Alport syndrome is a genetic anomaly that causes progressive loss of kidney function. Kidneys are in charge of eliminating toxins from the blood into the urine. This filtration action is performed by one million glomeruli that are able to separate waste from the bloodstream thanks to a special membrane, called the glomerular basement membrane, or GBM.
People with Alport syndrome are unable to synthesize and use a certain substance (type IV collagen) that is one of the components of the GBM. This results in an abnormal filtering with the consequent accumulation of waste in the body, hematuria and loss of protein due to proteinuria. Type IV collagen is also needed in other body areas besides kidneys. Alport syndrome also affects ears and eyes membranes.
Causes Of Alport Syndrome
Alport syndrome is caused by mutations in the COL4A3, COL4A4, and COL4A5 genes. This prevents the proper production or assembly of alpha3, alpha4 and alpha5 chains of type IV collagen. Lacking this protein, the body cannot adequately build the glomerular base membrane (GBM) and thus kidneys lose capabilities.
The mutation is present in genes that are in the X chromosome. For this reason, males (who have only one X chromosome) usually have worse symptoms and manifestations of the syndrome, while women (who may have one healthy X chromosome) often experience less severe symptoms. As with all X-linked genetic disorders, it can only be passed to a child by his mother.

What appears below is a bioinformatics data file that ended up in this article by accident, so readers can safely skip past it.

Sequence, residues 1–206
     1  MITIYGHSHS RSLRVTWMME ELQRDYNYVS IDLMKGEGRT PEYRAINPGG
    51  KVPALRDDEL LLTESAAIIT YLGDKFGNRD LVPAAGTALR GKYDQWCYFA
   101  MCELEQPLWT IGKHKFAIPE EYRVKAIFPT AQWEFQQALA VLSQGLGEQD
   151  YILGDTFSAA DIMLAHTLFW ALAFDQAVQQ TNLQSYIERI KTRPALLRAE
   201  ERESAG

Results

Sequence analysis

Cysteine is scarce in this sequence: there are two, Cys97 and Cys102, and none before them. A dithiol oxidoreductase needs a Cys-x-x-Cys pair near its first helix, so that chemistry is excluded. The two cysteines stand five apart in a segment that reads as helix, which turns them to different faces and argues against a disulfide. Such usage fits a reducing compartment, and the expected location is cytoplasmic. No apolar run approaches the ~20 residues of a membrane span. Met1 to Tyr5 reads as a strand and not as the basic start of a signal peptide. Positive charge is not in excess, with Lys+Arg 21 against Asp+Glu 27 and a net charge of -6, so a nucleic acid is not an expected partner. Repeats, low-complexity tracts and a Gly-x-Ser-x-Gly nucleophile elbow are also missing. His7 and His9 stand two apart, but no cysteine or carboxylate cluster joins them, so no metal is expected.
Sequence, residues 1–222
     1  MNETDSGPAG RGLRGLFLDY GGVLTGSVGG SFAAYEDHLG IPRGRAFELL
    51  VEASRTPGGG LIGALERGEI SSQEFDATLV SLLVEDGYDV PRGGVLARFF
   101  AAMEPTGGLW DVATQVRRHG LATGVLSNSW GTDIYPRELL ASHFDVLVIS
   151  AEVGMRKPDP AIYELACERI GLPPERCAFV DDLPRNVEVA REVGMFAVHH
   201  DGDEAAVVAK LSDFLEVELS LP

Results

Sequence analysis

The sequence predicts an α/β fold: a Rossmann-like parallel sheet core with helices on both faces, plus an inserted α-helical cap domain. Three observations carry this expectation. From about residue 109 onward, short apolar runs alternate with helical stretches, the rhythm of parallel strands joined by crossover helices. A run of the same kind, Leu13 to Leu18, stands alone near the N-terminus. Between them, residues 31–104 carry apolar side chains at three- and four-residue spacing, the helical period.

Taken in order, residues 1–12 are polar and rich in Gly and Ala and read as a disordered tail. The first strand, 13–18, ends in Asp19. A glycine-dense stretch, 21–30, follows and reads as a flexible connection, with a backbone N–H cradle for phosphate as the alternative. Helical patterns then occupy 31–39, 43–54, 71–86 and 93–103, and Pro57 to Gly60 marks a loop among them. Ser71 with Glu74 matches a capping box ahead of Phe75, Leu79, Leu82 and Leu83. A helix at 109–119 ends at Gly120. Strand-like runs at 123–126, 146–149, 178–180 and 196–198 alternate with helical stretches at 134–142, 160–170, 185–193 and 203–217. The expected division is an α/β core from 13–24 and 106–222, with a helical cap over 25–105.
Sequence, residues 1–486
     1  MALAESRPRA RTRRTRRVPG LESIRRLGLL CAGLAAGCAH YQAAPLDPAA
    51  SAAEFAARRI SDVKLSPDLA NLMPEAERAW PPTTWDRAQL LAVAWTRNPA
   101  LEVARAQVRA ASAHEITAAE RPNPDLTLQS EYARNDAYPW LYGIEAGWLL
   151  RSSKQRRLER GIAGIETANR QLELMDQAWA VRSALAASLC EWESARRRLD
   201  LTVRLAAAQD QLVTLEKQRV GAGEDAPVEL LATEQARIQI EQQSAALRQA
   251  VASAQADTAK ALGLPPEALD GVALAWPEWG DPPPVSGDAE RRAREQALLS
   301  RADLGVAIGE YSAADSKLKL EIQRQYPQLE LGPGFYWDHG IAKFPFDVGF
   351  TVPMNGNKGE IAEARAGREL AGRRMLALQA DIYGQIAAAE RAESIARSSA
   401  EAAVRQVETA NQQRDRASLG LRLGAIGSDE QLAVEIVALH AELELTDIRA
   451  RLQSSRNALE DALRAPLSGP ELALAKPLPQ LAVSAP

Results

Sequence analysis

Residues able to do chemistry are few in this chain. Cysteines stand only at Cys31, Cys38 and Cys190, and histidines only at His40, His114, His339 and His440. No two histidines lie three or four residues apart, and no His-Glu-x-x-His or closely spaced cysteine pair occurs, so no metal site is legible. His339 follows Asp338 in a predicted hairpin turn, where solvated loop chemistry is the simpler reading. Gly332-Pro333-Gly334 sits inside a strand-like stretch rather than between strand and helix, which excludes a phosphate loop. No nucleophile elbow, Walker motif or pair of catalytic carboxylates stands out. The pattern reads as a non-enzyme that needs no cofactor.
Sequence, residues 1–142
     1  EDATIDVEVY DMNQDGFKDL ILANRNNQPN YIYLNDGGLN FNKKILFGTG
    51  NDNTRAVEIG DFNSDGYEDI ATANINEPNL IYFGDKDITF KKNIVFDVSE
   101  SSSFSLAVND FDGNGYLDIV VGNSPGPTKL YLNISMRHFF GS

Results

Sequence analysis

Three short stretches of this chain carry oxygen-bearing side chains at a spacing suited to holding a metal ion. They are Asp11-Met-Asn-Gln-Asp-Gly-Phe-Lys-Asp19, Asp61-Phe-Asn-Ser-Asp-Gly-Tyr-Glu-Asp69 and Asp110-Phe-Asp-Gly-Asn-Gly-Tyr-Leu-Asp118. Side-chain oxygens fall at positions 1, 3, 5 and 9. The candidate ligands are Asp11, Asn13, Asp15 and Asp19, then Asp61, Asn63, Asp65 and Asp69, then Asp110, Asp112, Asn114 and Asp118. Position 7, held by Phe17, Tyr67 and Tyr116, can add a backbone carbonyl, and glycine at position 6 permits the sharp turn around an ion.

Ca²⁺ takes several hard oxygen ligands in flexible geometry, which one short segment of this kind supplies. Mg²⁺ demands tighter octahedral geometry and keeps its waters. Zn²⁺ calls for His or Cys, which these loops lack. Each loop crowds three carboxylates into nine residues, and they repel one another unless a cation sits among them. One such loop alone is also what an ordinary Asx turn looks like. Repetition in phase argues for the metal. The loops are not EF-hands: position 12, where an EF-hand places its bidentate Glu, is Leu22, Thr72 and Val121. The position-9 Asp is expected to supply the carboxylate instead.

Symptoms Of Alport Syndrome
Alport syndrome is characterized by presence of blood in urine (hematuria), proteinuria, and progressive failure of renal functions. Other symptoms include impairment to hear and a reduction of visual capabilities. People with Alport syndrome often have an unusual discoloration of the retina and misshapen anterior lenses in the eyes.
Treatment Of Alport Syndrome
Symptoms of Alport syndrome are treated specifically. For instance, proteinuria can be fought against with ACE inhibitors. Also, some studies suggest that a bone marrow transplantation may help in the treatment of Alport syndrome. When kidney failure occurs, the patient with Alport syndrome will need dialysis or a kidney transplant.
Living With Alport Syndrome
Usually, people suffering from Alport syndrome are otherwise generally healthy. Other than performing regular dialysis, they can usually have a normal life. Kidney transplantation can make a patient’s life even better. However, in some rare cases, Alport anti-GBM disease (in which the host’s immune systems attacks the new kidney’s GBM) may appear, which destroys the transplant most of the times.